The Pub Game Project: Pub Conkers!


I think I only know about conkers because I am the child of immigrants. When I was little, grandpa came over from Scotland and was quite pleased to see that the schoolyard had a chestnut tree. Away he went picking up the windfalls and – all personal ethics and the Conkers Association rules being apparently damned – he soaked them in vinegar and baked them in the oven. After stealing all my Dad’s shoelaces, he drilled a neat hole in each horse chestnut and sent us off first to teach the game in the playground and then destroy hopes of all our elementary school classmates through unleashing the doctered nuts on the unsuspecting.

Apparently, some dreams are harder to dash as this story shows:

The Eagle pub in Askew Road, Shepherd’s Bush, held the tournament on Sunday which was attended by around 20 people…General manager Linda Sjogren said: “People were cheering the contestants on, there was lots of enthusiasm. “One of our regulars had collected about 60 conkers from a secret location. We still have some left over.”

The winner got a free pint a week for a year. Note: 20 contestants. Good news that it does not take a large crowd to actually pull off something so pleasantly batty in any given pub. Good also to know that there is a World Conker’s Championship held each fall in case your ambitions aim even a bit higher still.

Group Project: Defending Blogging – Stale Dated Or Free?

This is quite a charming piece. Doc Searle. Remember him? Rob1 (there used to be a Rob2) to the right posted it on Twitter and I thought it was worth asking you about. I, obviously, have something about blogging as I do it daily and have done so for about 12% of my life. But is it actually that zone of freedom that social networks lack? It could be. But it takes a heck of a lot of work, too, not to mention requiring a bit of an obsession.

I compare that to my very recently discovered obsession with – finally a collaborative web thing. I have long kicked at the web for being such a loner zone. And you have to admit that even Facebook has that “I’m down here in this pit!” feel to it, right? So do blogs actually reign supreme? Or would only an obsessive blogger think so?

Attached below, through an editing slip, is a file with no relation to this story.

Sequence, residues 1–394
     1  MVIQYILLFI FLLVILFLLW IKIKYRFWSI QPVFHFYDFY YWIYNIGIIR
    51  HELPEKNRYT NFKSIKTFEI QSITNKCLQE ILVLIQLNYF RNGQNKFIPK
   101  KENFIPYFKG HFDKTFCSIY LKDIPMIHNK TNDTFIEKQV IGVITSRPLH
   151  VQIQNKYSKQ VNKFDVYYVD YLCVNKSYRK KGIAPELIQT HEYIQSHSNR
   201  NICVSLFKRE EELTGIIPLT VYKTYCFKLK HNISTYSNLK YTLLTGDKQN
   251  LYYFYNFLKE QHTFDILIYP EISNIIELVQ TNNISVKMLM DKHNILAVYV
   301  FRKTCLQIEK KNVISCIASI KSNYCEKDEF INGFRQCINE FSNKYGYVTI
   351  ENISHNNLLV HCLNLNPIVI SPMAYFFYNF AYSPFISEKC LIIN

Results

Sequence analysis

Jeffery Amherst’s Spruce Beer Circa 1759

amherstI am a bad home brewer. I have had supplies in for months to do a couple of all-grain batches but still they stiff wrapped and wrapped again in plastic in a cool, dark place. I did buy another mash pot yesterday but, given my failure to avoid napping and reading this afternoon, no beer again was made. Yet, beer knowledge expanded as I was reading The French and Indian War, a pretty good read by Walter R. Borneman, and came across this recipe for spruce beer from 1759, taken from an order by General Jeffery Amherst, to be supplied to the British troops moving to take the fort at Crown Point from the French:

Take 7 Pounds of good spruce and boil it well till the bark peels off, then take the spruce out and put three Gallons of Molasses to the Liquor and and boil it again, scum it well as it boils, then take it out the kettle and put it into a cooler, boil the remained of the water sufficient for a Barrel of thirty Gallons, if the kettle is not large enough to boil it together, when milk warm in the Cooler put a pint of Yest into it and mix well. Then put it into a Barrel and let it work for two or three days, keep filling it up as it works out. When done working, bung it up with a Tent Peg in the Barrel to give it vent every now and then. It may be used in up to two or three days after. If wanted to be bottled it should stand a fortnight in the Cask. It will keep a great while.